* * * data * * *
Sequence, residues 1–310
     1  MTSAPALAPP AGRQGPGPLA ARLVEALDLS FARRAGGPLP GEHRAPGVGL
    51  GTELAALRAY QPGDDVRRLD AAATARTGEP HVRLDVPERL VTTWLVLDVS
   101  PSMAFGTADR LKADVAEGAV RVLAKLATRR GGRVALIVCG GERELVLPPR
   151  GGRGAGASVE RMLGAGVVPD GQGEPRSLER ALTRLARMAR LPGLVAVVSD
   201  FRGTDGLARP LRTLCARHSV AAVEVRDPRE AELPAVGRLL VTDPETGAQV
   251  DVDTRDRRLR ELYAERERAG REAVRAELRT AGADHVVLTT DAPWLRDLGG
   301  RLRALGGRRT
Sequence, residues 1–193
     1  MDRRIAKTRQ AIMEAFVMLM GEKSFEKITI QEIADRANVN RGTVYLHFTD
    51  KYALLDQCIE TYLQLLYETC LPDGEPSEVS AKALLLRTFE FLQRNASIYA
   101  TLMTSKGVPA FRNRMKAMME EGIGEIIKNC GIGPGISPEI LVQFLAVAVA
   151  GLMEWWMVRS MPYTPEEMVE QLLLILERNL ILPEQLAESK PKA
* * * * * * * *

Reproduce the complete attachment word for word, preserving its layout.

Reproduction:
Sequence, residues 1–310
     1  MTSAPALAPP AGRQGPGPLA ARLVEALDLS FARRAGGPLP GEHRAPGVGL
    51  GTELAALRAY QPGDDVRRLD AAATARTGEP HVRLDVPERL VTTWLVLDVS
   101  PSMAFGTADR LKADVAEGAV RVLAKLATRR GGRVALIVCG GERELVLPPR
   151  GGRGAGASVE RMLGAGVVPD GQGEPRSLER ALTRLARMAR LPGLVAVVSD
   201  FRGTDGLARP LRTLCARHSV AAVEVRDPRE AELPAVGRLL VTDPETGAQV
   251  DVDTRDRRLR ELYAERERAG REAVRAELRT AGADHVVLTT DAPWLRDLGG
   301  RLRALGGRRT
Sequence, residues 1–193
     1  MDRRIAKTRQ AIMEAFVMLM GEKSFEKITI QEIADRANVN RGTVYLHFTD
    51  KYALLDQCIE TYLQLLYETC LPDGEPSEVS AKALLLRTFE FLQRNASIYA
   101  TLMTSKGVPA FRNRMKAMME EGIGEIIKNC GIGPGISPEI LVQFLAVAVA
   151  GLMEWWMVRS MPYTPEEMVE QLLLILERNL ILPEQLAESK PKA